But beyond that, I love what independent represents, and what it enables. You can market yourself, your books, and your style of writing in any way you want. You can aim for whatever goals make sense to you. Myself, I’m not really worried about making enough to replace my day job (which I do like a good deal), but a little bit of extra money a month would be awesome.

And in no way does my goal limit any one else’s. Going indie can mean anything that you want it to, and I love that.

Sherry: And you’re in this for the long haul. I understand Darkness Concealed is the first book in a series…do you have a schedule in mind for the subsequent books to come out?

Emery: I can’t speak for the third book, but the sequel I’m tentatively planning to have out around July 2015. The first draft will be my NaNoWriMo 2014 project in November, the second draft will be January/February, third draft April/May, final editing late June.

IMG_20131213_205925375Sherry: We’ll be NaNoWriMo pals, then. ;) What else are you working on? Any other current projects?

Emery: During October I want to finish the second draft (and maybe third, we’ll see) of a novella called Nikolay. It’s set in my cyberpunk dystopia/utopia setting Normalization. Everyone is required to be mentally and physically “normal”, and the technology exists to make it happen in both directions (dampening, or enhancing). In return, life is very, very easy-going.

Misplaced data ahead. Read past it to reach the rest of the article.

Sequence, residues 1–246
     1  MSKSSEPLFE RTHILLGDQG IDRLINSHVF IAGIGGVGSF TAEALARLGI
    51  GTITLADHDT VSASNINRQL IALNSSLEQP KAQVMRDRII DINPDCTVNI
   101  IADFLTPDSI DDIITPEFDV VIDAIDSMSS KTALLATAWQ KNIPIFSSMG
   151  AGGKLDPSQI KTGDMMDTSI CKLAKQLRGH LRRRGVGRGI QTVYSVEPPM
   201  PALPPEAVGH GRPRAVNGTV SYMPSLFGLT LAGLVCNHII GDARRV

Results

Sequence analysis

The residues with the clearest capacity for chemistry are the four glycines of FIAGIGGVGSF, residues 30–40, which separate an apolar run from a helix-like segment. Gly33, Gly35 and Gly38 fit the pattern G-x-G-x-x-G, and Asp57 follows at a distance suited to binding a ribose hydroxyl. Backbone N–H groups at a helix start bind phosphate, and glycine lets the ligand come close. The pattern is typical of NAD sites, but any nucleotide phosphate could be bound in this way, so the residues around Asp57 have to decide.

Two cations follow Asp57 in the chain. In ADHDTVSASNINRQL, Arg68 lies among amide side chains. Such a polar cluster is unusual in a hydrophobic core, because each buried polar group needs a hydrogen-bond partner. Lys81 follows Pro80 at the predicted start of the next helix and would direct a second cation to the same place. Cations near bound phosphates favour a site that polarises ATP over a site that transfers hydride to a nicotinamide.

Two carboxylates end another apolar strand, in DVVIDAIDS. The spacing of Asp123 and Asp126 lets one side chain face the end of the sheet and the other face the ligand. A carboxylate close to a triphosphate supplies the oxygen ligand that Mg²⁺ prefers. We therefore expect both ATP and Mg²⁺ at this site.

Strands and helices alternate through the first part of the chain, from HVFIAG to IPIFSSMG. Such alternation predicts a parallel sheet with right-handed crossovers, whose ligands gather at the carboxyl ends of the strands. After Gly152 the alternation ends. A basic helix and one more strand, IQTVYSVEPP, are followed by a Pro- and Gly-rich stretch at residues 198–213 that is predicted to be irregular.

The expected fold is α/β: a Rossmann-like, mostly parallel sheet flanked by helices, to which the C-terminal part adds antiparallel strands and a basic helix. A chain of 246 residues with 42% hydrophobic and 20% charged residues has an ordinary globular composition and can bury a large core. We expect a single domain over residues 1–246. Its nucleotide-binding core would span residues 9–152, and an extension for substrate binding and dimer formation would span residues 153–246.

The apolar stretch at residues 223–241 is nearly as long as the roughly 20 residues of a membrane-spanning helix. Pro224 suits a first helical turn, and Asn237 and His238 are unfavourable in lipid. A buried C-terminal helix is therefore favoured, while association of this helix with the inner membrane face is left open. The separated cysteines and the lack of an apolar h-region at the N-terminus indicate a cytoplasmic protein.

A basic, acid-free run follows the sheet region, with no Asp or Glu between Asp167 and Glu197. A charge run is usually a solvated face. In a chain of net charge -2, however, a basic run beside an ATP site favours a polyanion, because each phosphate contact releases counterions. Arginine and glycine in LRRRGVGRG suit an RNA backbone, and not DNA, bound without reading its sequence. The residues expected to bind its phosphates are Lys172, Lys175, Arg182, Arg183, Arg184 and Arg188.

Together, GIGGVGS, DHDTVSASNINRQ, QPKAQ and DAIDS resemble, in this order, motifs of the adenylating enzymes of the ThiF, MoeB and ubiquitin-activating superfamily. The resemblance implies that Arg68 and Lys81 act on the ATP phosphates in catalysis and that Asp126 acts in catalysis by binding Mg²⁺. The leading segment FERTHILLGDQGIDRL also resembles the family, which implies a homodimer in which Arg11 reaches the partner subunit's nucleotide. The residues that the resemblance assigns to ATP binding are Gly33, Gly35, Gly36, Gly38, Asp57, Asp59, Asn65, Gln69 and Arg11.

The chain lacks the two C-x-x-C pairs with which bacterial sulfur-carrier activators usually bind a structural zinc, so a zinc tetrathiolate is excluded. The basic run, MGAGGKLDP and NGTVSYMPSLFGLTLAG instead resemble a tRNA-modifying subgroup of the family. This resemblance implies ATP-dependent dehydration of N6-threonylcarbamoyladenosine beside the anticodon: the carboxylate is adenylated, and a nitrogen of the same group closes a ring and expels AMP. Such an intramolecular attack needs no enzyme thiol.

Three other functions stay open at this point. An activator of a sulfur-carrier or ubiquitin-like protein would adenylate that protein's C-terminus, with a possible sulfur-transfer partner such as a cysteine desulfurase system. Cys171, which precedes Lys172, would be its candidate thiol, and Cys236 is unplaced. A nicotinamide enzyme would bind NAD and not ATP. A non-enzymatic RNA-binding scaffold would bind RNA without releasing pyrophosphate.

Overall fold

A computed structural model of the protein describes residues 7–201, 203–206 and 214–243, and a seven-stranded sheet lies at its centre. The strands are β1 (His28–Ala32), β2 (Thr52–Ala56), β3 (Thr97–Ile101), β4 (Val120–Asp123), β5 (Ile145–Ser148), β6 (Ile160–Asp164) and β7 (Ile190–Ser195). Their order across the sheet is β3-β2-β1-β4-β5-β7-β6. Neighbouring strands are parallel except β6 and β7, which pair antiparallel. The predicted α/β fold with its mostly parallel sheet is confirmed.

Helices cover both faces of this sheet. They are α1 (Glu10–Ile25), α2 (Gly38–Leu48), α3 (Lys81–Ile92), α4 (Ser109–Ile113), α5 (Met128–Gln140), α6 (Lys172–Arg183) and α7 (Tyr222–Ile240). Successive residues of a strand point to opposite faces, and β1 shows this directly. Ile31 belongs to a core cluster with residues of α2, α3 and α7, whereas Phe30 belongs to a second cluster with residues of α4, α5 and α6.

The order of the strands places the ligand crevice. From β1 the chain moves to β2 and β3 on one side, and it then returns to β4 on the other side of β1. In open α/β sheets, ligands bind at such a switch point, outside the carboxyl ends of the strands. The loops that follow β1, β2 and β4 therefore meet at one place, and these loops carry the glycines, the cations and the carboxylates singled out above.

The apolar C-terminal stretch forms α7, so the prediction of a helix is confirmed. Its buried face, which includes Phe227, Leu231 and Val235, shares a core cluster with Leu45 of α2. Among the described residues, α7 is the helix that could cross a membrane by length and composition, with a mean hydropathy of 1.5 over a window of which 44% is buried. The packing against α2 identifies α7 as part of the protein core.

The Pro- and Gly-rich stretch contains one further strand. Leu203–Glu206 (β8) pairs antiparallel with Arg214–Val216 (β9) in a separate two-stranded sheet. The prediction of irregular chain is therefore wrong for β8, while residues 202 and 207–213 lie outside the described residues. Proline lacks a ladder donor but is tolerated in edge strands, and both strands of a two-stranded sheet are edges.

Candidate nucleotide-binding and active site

Some people don’t like that, and deliberately break the law by disabling their cybernetic dampening and installing enhancements instead. They live a shadow life, but they get to reach whatever potential they can manage without getting caught and shipped to the asteroid belt. Nikolay is one such person.

Sherry: Sounds like you’re a project-juggler like me. What’s the best piece of writing advice you’ve ever received? What’s your best piece of writing advice for new writers?

Emery: Write a story you want to read. I did that, and no matter what feedback Darkness Concealed receives I will be happy with it. I’m mentally immune to the inevitable 1-star reviews.

For new writers, this is a long, hard road that there is no shortcut on. It might feel like a slog at points, but trust me when I say that the journey is just as fun as the result.

Sherry: Thanks, Emery! D. Emery Bunn’s novel Darkness Concealed releases on September 23rd, 2014. You can find out much more about the novel, Emery, and publication updates at his website, http://www.demerybunn.com. You can also catch up with him on Twitter @demerybunn.

Have a new project you’d like to talk about here? Let me know through the contact page!

The Murder Prophet Release

MP-cover-FINAL-webIt’s out!

The Murder Prophet released yesterday, and is available for instant download from Amazon.

It already has a five-star review from one of the winners of the Rafflecopter giveaway I ran a while back, which was pretty exciting to see!

There’s also still a giveaway running over on Goodreads if you’d rather try your luck there before plunking down your $3 for the ebook. ;)